George Wundar has taken a lot of flak over the years, mainly (as far as I can tell) for not being Milton Caniff. Here is what Caniff had to say about his successor according to Ron Goulart:
“Milton Caniff said in several interviews that he and George Wunder eventually became good friends. He also said he continued to follow Terry after he was doing Steve Canyon. ‘For a very good reason—apart from the fact that I’m just interested—because the two strips, naturally, are commercial rivals. If George starts to do something about a dictator being kidnapped in South America, I mustn’t come up with something like this two or three months later. It would look as though I’d copied from him. He does the same thing.’
“When asked by an interviewer in 1972, ‘Are you p[leased with what the character has become inWunder’s hands?’ he replied, ‘George has done a whale of a job. In the first place, it’s a very difficult thing to do… he knows that the other guy is looking at the thing and saying, hrmpph, if I had done that, I would have done so and so.’
“According to what Caniff told his biographer, R,C, Harvey, before Wundaer’s versin f the strip commenced, he spent several months working under Chi-Trib syndicate Comics Editor Mollie Slott’s ‘close supervision, revising continuity, and redrawing strips until he achieved a style almost indistinguishable from Caniff’s,’ Caniff got a look at Wunder’s maiden efforts and he told Harvey, ‘His Sunday page… looked exactly like it—as if I had done it… at first it was just like the old Terry.’ Actually Wunder’s own style is somewhat evident in the very first Sunday pages. It seems clear that he’s going to do a pretty good job.”
You might appreciate some of the commentary here. The posts have spoilers for continuities you may not have read yet.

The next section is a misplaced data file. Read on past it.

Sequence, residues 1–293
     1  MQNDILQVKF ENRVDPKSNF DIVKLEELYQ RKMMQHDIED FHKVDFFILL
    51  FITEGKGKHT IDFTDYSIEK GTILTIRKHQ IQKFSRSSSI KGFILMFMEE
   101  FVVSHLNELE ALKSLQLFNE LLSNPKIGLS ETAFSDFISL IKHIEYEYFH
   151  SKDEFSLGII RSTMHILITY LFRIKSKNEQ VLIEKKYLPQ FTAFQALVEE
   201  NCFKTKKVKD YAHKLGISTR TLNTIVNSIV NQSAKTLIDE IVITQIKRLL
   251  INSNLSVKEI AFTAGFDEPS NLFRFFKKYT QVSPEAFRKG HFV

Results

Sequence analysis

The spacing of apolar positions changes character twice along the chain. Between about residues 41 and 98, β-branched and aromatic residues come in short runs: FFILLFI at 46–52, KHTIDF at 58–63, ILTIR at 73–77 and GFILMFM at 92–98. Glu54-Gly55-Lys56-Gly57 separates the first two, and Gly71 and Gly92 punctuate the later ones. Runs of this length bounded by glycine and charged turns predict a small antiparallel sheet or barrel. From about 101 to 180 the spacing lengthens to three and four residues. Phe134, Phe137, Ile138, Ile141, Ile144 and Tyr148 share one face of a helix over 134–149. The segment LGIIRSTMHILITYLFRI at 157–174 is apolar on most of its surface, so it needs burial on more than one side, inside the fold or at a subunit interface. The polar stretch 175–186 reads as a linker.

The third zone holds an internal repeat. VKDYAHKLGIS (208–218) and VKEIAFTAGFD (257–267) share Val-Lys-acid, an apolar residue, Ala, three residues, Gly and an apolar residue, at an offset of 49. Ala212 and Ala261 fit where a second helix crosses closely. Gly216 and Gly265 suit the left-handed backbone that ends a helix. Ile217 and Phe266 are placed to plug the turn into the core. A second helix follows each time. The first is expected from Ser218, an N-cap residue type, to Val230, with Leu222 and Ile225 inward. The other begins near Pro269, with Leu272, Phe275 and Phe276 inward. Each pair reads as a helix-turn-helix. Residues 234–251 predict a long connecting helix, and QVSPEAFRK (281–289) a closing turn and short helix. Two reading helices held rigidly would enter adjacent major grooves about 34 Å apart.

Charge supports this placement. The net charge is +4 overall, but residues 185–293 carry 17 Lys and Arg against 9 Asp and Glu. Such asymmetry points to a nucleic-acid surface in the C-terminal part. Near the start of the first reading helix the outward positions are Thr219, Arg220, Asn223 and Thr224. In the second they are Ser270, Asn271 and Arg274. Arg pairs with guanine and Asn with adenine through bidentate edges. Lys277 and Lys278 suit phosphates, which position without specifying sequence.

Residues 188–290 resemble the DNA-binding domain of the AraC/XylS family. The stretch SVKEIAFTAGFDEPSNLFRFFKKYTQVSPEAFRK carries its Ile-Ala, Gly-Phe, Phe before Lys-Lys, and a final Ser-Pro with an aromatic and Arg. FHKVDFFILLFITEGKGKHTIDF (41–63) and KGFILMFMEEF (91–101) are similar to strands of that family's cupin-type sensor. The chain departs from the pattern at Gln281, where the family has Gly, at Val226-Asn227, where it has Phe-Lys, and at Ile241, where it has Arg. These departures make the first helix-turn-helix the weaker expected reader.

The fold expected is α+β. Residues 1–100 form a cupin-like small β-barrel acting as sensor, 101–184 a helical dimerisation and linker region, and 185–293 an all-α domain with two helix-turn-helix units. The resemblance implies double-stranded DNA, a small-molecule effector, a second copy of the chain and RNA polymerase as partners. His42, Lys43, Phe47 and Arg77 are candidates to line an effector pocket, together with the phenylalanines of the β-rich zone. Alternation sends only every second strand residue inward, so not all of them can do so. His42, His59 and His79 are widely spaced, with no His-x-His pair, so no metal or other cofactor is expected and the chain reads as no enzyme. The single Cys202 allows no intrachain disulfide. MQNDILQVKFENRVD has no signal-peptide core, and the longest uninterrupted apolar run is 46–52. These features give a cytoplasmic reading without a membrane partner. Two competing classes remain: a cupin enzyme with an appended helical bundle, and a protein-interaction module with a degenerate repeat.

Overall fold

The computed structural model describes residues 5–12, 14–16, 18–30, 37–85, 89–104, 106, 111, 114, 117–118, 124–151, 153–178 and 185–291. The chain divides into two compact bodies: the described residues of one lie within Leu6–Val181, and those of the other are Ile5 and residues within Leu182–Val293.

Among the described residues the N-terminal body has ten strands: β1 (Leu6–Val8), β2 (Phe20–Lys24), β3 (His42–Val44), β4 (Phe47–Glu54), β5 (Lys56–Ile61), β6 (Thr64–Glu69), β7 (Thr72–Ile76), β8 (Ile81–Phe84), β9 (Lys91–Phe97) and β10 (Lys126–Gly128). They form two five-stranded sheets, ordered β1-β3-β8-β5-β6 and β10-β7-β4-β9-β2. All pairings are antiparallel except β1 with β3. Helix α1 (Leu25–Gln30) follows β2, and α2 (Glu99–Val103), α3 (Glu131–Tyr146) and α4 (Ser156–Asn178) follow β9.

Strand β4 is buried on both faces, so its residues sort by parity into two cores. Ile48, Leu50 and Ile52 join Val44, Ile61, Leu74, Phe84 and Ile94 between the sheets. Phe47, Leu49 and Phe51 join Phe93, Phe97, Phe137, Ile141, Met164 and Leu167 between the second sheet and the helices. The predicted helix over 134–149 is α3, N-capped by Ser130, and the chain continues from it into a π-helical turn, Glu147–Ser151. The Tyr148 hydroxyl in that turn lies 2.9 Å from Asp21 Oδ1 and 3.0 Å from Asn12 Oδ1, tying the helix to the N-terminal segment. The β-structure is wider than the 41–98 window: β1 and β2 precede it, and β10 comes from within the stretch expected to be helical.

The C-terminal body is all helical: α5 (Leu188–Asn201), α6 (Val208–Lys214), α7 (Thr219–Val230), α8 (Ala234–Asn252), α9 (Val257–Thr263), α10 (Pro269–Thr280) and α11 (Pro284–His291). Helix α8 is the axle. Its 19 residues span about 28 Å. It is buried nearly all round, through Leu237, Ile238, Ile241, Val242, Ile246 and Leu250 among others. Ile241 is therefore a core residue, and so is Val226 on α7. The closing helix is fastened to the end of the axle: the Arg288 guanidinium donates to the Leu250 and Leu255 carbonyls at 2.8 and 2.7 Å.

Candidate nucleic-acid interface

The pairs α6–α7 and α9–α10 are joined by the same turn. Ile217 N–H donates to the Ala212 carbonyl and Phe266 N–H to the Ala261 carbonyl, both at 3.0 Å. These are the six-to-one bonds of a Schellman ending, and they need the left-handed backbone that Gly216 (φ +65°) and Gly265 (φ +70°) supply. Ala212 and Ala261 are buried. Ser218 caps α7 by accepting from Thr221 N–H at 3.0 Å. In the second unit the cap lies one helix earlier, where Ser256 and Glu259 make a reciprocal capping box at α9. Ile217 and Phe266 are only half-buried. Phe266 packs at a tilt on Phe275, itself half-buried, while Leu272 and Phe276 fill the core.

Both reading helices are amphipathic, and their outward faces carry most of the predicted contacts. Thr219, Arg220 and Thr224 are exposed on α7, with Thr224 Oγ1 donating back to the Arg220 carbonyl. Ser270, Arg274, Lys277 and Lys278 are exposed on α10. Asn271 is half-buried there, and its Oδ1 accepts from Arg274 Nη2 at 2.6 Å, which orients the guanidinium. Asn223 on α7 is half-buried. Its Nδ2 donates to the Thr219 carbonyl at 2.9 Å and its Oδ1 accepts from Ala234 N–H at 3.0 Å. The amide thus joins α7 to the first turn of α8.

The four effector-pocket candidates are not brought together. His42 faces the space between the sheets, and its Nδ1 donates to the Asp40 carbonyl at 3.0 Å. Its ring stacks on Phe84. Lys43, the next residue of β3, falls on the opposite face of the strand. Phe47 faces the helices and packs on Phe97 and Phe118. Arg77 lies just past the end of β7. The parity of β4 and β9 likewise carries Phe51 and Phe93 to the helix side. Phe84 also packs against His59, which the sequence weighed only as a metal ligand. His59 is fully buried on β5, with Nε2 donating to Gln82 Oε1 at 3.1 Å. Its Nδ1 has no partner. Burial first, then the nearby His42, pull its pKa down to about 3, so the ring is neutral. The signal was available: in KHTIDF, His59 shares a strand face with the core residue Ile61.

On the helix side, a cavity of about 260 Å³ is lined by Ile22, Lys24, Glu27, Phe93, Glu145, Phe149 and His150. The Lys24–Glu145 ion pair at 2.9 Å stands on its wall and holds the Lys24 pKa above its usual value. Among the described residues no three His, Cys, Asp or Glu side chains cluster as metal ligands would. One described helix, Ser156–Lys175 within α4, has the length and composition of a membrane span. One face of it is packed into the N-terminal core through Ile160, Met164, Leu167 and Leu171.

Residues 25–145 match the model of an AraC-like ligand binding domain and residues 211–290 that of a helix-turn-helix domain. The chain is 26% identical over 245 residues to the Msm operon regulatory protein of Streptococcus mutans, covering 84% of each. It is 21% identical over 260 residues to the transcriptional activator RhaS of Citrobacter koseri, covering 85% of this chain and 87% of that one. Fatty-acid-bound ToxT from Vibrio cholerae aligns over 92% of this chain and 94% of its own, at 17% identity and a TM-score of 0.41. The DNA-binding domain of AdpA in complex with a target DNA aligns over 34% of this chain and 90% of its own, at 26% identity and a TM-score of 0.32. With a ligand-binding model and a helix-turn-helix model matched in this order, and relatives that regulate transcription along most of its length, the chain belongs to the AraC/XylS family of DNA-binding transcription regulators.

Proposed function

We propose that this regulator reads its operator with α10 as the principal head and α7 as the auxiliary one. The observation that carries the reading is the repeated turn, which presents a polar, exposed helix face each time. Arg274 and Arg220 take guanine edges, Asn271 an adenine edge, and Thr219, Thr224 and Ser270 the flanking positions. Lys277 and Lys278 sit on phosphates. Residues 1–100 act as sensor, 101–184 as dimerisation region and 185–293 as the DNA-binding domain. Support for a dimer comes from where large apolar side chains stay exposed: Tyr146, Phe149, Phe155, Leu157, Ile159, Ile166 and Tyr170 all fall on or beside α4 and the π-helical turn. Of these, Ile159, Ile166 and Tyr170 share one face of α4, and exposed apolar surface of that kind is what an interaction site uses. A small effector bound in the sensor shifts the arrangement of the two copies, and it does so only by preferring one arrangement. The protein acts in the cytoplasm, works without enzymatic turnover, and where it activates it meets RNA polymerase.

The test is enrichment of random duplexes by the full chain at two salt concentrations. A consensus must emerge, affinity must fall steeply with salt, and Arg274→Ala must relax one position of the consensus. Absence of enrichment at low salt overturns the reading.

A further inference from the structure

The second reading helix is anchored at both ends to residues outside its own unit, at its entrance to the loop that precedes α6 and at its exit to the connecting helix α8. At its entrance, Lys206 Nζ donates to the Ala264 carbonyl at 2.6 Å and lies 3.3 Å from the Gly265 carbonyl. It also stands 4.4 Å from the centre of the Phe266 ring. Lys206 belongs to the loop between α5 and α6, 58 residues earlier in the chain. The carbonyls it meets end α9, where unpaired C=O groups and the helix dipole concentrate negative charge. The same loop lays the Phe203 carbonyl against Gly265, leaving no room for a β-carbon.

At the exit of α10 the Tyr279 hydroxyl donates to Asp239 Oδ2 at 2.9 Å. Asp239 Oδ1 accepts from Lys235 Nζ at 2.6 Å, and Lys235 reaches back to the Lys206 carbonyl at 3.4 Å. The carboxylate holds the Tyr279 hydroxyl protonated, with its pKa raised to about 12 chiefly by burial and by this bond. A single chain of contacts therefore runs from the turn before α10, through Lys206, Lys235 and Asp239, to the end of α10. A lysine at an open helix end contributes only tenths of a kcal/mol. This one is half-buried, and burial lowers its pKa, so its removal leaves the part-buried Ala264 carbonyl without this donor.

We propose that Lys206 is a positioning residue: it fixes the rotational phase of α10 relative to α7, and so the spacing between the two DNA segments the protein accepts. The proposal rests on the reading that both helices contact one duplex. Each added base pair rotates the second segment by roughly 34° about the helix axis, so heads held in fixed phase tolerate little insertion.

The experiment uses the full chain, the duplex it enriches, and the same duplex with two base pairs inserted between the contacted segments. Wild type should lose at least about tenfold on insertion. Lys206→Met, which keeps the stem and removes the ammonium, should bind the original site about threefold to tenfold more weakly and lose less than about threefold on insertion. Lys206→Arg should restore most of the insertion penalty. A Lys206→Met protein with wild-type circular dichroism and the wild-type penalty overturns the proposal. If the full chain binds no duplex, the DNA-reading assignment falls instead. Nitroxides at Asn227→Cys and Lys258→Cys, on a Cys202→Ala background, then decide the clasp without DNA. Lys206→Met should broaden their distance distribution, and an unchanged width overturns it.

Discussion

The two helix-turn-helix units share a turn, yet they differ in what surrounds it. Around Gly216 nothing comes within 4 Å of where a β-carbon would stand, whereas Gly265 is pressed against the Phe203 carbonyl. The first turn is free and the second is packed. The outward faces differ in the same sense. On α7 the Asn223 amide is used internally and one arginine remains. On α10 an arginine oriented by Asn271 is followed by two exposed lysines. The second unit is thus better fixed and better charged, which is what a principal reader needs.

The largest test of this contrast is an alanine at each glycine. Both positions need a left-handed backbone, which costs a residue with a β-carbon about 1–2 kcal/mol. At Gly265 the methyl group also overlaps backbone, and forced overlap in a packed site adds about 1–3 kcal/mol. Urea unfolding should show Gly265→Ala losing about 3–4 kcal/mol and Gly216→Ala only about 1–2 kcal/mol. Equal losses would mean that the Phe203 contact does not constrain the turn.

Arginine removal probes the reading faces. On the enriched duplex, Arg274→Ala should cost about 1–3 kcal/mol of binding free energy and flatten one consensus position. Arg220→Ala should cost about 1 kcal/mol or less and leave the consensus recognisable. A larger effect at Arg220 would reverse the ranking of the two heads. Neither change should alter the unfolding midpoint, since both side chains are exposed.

Wundar's first years on the strip coincided with the fall of Kuomintang China.
Thanks, Luke. I’ll save it for later. Continuing…
George Wunder introduced his first femme fatale, Ermine Toy, in his very first strip, December 30, 1946. 1947 starts out with a couple of ex-Jap agents wanted for war crimes, Ermine Toy and Trek, contracting Air Cathay to take them on a “hunting trip” to Tibet… during the winter season. Wundar is a great user of slang (too many examples to list here) and literary devices such as alliteration (‘dripping dark deeds”), too. Once they arrive at their destination, Trek “fixes” Terry 7 Hotshot Charlie’s plane while they and their mercenaries set out on their quest, whatever it really is, leaving terry and Charlie no choice but to follow. A local bandit named Lhasa has taken winter refuge in a local Buddhist lamasery where she is sheltering none other than (wait for it)… Tony Sandhurst. Meanwhile, Chopstick Joe is left holding the bag.
NOTABLE QUOTATION: “It was like this in the late war. Just as one makes ready to terrorize an inferior people, they become most formidable!”